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I'm implementing a homespun version of Ridge Regression with gradient descent, and to my surprise it always converges to the same answers as OLS, not the closed form of Ridge Regression.

This is true regardless of what size alpha I'm using. I don't know if this is due to something wrong with how I'm setting up the problem, or something about how gradient descent works on different types of data.

The dataset I'm using is the boston housing dataset, which is very small (506 rows), and has a number of correlated variables.

BASIC INTUITION:

I'd love to be corrected if my priors are inaccurate, but this is how I frame the problem.

The cost function for OLS regression:

enter image description here

Where output is the dot product of the feature matrix and the weights for each column + intercept.

The cost function for regression with L2 regularization (ie, Ridge Regression):

enter image description here

Where alpha is the tuning parameter and omega represents the regression coefficient, squared and summed together.

The derivative of the above statement can be written like this:

enter image description here

We then take the result of this expression and multiply it by the learning rate, and adjust each weight appropriately.

To test this out on my own, I made my own python class for Ridge Regression according to the above postulates, and it looks like so:

RIDGE REGRESSION CODE:

class RidgeRegression():
    def __init__(self, alpha=1, eta =.0001, random_state=None, n_iter=10000):
        self.eta            = eta
        self.random_state   = random_state
        self.n_iter         = n_iter
        self.alpha          = alpha
        self.w_             = []

    def output(self, X):
        return X.dot(self.w_[1:]) + self.w_[0]

    def fit(self, X, y):
        rgen                   = np.random.RandomState(self.random_state)  # random number generator
        self.w_                = rgen.normal(0, .01, size= 1 + X.shape[1]) # fill weights w/ near 0 values
        self.l2_regularization = self.alpha * self.w_[1:].dot(self.w_[1:]) # alpha * sum of squared weights
        self.l2_gradient       = self.alpha * np.sum(self.w_[1:])          # alpha * sum of weights

        for i in range(self.n_iter):
            gradient               = (y - self.output(X)) + self.l2_gradient   # the gradient
            self.w_[1:]           += (X.T.dot(gradient) * (self.eta))          # update each weight w.r.t. its gradient
            self.w_[0]            += (y - self.output(X)).sum() * self.eta     # update the intercept w.r.t. the gradient
            self.l2_regularization = self.alpha * self.w_[1:].dot(self.w_[1:]) # adjust regularization term to reflect new values of weights
            self.l2_gradient       = self.alpha * np.sum(self.w_[1:])          # update derivate of regularization term to be used in gradient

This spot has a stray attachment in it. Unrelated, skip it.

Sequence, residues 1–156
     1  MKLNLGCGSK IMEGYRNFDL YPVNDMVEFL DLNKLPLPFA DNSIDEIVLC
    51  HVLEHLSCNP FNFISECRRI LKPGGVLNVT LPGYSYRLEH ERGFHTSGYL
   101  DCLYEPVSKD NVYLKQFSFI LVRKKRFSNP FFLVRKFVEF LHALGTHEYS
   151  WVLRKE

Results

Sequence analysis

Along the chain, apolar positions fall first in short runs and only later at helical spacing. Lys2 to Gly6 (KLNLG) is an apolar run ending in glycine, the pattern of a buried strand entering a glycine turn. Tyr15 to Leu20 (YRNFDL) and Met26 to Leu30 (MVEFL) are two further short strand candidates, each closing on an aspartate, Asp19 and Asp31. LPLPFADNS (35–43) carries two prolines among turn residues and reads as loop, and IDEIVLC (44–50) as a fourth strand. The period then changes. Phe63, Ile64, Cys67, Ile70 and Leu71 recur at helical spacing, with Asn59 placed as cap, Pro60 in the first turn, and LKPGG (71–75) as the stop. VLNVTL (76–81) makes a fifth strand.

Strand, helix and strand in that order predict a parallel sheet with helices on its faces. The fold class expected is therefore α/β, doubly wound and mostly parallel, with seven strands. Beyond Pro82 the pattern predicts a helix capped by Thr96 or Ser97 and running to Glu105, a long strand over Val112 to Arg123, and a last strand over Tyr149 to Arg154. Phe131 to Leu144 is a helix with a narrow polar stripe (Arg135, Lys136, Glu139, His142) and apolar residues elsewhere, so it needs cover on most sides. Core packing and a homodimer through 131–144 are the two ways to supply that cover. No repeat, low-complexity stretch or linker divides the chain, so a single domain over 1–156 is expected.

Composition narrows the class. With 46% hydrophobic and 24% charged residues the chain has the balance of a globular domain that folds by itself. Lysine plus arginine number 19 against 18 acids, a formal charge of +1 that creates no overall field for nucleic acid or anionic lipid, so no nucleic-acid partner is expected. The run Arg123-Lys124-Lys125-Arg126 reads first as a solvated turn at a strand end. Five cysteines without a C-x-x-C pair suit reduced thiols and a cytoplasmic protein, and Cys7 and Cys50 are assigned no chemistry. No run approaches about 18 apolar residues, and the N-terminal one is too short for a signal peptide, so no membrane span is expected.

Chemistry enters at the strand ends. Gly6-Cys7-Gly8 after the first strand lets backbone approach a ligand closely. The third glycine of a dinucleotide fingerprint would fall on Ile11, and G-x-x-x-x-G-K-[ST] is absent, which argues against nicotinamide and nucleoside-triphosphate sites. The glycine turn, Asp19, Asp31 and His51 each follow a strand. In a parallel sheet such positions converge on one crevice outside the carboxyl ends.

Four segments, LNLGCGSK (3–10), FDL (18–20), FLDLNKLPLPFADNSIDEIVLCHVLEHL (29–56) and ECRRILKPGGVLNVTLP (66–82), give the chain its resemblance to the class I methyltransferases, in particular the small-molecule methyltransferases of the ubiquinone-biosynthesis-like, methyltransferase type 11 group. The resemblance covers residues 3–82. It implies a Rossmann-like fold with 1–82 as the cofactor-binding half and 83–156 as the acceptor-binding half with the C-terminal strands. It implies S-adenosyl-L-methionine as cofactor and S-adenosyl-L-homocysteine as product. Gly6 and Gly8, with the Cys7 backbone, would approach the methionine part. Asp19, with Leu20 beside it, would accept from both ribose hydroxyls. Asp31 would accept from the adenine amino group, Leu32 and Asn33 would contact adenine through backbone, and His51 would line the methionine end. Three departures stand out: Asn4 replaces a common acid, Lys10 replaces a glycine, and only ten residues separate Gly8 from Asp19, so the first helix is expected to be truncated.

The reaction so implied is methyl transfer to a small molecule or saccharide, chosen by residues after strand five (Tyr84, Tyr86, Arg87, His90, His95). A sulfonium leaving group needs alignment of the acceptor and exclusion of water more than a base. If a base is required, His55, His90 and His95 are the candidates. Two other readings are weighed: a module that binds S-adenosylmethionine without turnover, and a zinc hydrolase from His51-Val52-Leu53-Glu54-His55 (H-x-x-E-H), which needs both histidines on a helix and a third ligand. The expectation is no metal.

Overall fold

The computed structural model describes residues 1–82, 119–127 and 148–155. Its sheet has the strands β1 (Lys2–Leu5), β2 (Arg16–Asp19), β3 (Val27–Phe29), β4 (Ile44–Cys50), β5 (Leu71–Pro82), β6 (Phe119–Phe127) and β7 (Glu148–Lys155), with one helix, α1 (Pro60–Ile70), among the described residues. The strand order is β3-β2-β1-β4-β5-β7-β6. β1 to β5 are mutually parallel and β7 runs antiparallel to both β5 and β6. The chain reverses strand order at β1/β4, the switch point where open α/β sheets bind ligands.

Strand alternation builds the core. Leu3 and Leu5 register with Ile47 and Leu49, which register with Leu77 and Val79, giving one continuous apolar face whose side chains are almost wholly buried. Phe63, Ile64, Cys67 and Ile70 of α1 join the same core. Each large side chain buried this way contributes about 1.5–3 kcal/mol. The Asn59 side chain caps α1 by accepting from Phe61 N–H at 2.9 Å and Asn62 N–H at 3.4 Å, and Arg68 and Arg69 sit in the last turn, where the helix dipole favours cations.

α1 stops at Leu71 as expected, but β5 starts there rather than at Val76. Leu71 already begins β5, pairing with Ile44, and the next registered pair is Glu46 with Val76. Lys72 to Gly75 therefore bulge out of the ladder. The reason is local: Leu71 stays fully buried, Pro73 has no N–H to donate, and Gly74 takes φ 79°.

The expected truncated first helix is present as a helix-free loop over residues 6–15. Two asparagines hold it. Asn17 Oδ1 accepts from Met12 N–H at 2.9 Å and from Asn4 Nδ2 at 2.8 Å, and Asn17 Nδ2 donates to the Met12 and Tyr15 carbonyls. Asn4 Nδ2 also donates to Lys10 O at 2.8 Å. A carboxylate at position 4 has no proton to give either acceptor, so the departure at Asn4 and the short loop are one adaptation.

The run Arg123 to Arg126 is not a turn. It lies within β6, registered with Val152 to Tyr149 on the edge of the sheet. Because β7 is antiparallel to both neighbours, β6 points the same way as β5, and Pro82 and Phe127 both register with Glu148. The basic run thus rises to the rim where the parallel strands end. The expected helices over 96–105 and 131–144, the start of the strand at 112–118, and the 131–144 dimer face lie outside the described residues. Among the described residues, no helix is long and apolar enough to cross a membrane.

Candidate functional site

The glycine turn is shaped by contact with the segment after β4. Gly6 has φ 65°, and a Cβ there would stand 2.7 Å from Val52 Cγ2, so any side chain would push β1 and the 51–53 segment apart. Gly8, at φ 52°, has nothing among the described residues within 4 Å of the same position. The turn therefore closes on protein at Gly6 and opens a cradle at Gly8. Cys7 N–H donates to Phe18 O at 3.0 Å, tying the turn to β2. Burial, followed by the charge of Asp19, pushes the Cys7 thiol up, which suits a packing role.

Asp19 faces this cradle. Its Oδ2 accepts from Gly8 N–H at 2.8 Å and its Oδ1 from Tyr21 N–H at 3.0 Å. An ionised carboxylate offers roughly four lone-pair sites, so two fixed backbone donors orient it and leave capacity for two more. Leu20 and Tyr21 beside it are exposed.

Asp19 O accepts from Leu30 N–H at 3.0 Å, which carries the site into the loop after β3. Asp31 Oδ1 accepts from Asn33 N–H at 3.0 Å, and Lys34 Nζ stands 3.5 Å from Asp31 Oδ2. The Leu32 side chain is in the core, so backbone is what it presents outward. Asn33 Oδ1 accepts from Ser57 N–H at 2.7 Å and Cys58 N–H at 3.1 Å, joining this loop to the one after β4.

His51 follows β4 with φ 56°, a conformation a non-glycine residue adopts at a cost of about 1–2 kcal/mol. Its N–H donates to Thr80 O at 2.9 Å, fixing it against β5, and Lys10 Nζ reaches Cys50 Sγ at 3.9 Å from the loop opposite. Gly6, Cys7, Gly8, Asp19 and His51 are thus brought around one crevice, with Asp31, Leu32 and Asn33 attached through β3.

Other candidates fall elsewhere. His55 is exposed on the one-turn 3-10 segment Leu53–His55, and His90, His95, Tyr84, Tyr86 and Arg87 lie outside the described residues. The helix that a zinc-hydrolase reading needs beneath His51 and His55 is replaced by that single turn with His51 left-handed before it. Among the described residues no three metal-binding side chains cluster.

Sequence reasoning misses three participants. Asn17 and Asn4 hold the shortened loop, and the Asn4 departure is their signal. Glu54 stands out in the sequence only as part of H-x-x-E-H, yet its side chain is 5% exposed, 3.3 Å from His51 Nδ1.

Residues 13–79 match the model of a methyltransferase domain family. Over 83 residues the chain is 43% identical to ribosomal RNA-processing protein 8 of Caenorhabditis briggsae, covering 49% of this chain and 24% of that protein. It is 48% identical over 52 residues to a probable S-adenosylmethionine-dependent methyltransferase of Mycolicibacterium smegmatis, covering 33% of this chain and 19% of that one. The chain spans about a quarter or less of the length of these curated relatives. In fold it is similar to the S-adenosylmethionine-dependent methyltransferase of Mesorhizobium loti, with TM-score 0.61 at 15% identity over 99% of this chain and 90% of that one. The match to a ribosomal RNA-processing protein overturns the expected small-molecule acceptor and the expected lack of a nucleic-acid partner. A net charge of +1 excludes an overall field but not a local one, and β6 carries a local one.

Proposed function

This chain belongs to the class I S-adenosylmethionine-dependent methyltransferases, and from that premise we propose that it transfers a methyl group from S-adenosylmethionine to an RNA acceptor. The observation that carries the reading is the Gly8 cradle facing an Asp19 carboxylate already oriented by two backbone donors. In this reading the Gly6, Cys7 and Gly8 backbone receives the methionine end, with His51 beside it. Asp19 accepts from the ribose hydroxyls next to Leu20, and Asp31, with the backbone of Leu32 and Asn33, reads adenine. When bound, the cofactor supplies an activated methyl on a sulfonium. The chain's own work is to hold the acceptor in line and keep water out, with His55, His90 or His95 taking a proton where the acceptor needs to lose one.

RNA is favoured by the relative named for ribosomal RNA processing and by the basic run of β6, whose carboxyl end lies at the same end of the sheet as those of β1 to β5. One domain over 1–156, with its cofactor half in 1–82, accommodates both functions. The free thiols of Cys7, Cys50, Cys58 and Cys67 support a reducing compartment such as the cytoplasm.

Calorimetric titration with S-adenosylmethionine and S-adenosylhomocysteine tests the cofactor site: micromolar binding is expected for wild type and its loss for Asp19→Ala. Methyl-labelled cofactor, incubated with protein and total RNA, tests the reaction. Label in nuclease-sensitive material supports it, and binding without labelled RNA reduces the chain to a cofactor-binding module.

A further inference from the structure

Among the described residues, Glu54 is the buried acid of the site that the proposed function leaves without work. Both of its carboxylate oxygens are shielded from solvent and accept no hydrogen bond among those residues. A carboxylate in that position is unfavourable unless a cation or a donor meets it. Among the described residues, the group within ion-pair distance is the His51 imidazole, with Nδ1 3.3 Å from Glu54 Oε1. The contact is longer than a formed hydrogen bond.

This looks right to me, but I'm not sure how to interpret the fact that the results are always the same as OLS, vs what I'd get using the closed form of Ridge Regression.

EDIT:

Even if I set the value of alpha to something very large, like 1000, the results do not change.

CODE:

from sklearn.linear_model import Ridge
r = RidgeRegression(alpha=1000, n_iter=5000, eta=0.0001) # my algorithm
r.fit(X, y)
rreg = Ridge(alpha=1000)  # scikit learn's ridge algorithm
rreg.fit(X, y)
ols_coeffs = np.linalg.inv(X.T @ X) @ (X.T @ y) # ols algorithm

If we compare these, we can see the ridge coefficients in my homespun version match the OLS estimates almost exactly:

pd.DataFrame({
    'Variable'     : X.columns,
    'gd_Weight'    : r.w_[1:],     # coefficients for ridge regression w/ gd
    'cf_Weight'    : ridge_coeffs, # closed form version of ridge
    'ols_weight'   : coeffs        # regular OLS, closed form
})

Which gives the following dataframe:

enter image description here

They all have roughly the same intercept of 22.5.

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  • $\begingroup$ By "the weight of each variable in the dataset", do you mean the regression coefficient? $\endgroup$ – beta1_equals_beta2 Mar 25 at 0:37
  • $\begingroup$ Are you sure alpha is not zero? Your code doesn't show what it is. $\endgroup$ – Mark L. Stone Mar 25 at 0:43
  • $\begingroup$ @beta1_equals_beta2 - yes. Changed to make it more clear. I also added some sample code to demonstrate what happens when alpha is set to 1000. $\endgroup$ – Jonathan Bechtel Mar 25 at 1:06
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I'm not very well versed in Python, but if I interpret your code correctly then X.T.dot(gradient) takes the gradient variable you computed on the previous line, and computes its dot product with $X$. This doesn't seem right since 'gradient' includes the "L2-gradient" which shouldn't be multiplied by $X$. Only the residual (y-self.output(X)) should be in that product. You want to add the L2-gradient only afterwards, and then multiply the result by eta.

Also, the L2-gradient shouldn't sum over the $w$'s (remember the gradient should be vector-valued since you're taking the derivative of a scalar-valued function w.r.t a vector). Together these errors probably explain the confusing results you're getting, although I would have expected with an incorrect gradient like that the output would actually just be garbage rather than the OLS-solution, so there is probably something subtle happening that I'm not seeing.

(Note that your mathematical expressions for the gradient also aren't quite right, but there you actually omitted the pre-multiplication of the residuals with $X^T$. And you also again have a sum over $w$'s in the L2-gradient which shouldn't be there.)

Going forward I would recommend first checking your implementation of each individual part of the cost function and gradient and satisfy yourself that they are correct, before running gradient descent.

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